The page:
Expert: Walmart Crypto Project More Agreeable to Lawmakers Than Libra
A senior policy analyst has predicted that Walmart will have an easier time getting regulatory approval for its proposed cryptocurrency than Facebook.
A senior policy analyst at investment banking corporation Cowen, Jaret Seiberg, said that Walmart’s proposed digital coin should not face as much regulatory pushback as Libra, Facebook’s proposed virtual currency.
As Bloomberg reports on Aug. 5, Seiberg also added that Walmart’s crypto may have a demographic appeal to Democratic legislators who are keen to find an alternative financial infrastructure for people who do not regularly use banks.
According to Seiberg, Libra and Walmart’s crypto proposal differ in scale. Seiberg comments that Facebook has global intentions which do not appear to be shared by Walmart.
Possible regulatory hangups
However, Seiberg noted that Walmart’s proposal will not likely get automatic approval from Congress. He pointed out that, for instance, Walmart’s coin could be viewed as a threat to small banks and credit unions. Ultimately, though, Seiberg believes that lawmakers would eventually approve Walmart’s proposal.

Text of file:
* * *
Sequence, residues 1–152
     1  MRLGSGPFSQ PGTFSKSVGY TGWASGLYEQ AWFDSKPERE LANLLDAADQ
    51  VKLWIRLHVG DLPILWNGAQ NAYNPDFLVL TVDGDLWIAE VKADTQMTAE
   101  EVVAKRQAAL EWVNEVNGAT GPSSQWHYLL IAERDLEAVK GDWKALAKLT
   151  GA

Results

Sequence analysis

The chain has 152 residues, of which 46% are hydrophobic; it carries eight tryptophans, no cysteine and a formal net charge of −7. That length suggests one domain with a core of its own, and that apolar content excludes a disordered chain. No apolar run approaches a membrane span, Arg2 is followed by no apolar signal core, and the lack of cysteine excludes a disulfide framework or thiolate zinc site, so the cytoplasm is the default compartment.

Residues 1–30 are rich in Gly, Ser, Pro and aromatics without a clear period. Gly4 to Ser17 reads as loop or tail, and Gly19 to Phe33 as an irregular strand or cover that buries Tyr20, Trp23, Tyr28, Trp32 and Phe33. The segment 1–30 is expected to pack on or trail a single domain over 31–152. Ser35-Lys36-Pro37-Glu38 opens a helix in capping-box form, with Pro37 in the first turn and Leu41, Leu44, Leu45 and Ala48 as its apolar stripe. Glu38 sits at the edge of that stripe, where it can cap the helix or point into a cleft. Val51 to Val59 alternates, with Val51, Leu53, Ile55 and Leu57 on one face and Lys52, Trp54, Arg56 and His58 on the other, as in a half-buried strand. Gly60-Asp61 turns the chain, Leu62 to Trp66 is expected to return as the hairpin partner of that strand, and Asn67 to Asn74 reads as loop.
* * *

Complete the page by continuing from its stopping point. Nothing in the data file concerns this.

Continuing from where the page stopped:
Regarding the details of Walmart’s proposed currency, Seiberg wrote to clients on Monday that the currency may come in the form of a stored value card that is pegged to the U.S. dollar, somewhat like a rechargeable gift card.
Bloomberg reports that Walmart is not moving to roll out its cryptocurrency in the near future. According to the report, a Walmart spokesperson said on Friday that it is not planning to immediately take advantage of its newly-filed patent.
Walmart’s digital currency patent
As previously reported by Cointelegraph, Walmart filed for a patent for a “System and Method for Digital Currency via Blockchain” that was published on Aug. 1. As outlined in the patent, Walmart appears to be filing for a standard, fiat-pegged stablecoin as outlined in the following passage:
“Generating one digital currency unit by tying the one digital currency unit to a regular currency; storing information of the one digital currency unit into a block of a blockchain; buying or paying the one digital currency unit.”